Downloading is the problem. Twenty years ago, you would go on the internet and find an installer and just trust it.

Now days, you have to figure out which of the 10 download buttons is the real one. And then you have check hashes if you want to validate that you actually downloaded the installer that the publisher released.

I think that browser based software is a huge step backward in terms of richness of user experience. I can't believe that, in the year 2019, GSuite has usurped Outlook and the traditional native office applications in the corporate environment that i work in. But here we are.

But, there's no denying that any friction for the user getting the software will drastically reduce their likelihood of using it at all.


>But, there's no denying that any friction for the user getting the software will drastically reduce their likelihood of using it at all.

I'm sorry, but the fact that the dominant paradigm for software use has been, and still is native (I'm counting apps as native here, because they're installed, even though in some cases apps are just wrappers around a website) disputes it.

If people want to use some software, moreso if they need to, they'll put up with installing it. What you're describing is really only an issue for web services, and would maybe only =apply to native software that worked according to a subscription model, which most doesn't.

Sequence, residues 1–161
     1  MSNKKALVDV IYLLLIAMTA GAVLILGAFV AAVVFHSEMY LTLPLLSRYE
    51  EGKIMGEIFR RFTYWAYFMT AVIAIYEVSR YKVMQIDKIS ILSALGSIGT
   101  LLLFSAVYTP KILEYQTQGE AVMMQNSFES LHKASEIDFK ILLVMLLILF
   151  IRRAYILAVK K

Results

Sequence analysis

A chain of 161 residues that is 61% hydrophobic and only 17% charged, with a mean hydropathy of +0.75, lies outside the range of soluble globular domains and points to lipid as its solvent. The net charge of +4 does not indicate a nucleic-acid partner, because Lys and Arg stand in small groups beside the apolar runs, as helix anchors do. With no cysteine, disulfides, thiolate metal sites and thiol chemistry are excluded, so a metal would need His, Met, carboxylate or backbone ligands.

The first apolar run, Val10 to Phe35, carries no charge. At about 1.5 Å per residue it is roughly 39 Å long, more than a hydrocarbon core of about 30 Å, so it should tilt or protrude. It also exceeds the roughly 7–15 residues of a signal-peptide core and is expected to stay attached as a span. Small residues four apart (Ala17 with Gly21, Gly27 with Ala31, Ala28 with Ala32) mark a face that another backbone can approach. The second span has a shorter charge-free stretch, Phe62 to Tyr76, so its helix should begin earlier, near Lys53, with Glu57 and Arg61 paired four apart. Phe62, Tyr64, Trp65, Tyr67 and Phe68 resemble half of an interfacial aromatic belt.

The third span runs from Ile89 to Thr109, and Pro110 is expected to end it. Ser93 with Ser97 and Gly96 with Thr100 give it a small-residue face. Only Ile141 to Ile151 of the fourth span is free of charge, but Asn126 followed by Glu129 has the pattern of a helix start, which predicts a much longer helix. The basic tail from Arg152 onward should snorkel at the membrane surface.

> For Linux, instead of downloading an installer, you pull it with a package manager, maybe go through some default settings, and maybe wait for the installer to finish.

You are assuming that the software in question is both packaged for the distribution you use and that it is available from the default servers for your package manager (and that the packaged version is recent-enough for your purposes).

The software installation landscape for Linux is a lot more complex than this, and for rather a lot of software, these assumptions break down.

Here are the Linux install pages for just a few examples of popular end-user applications that are actually available for Linux: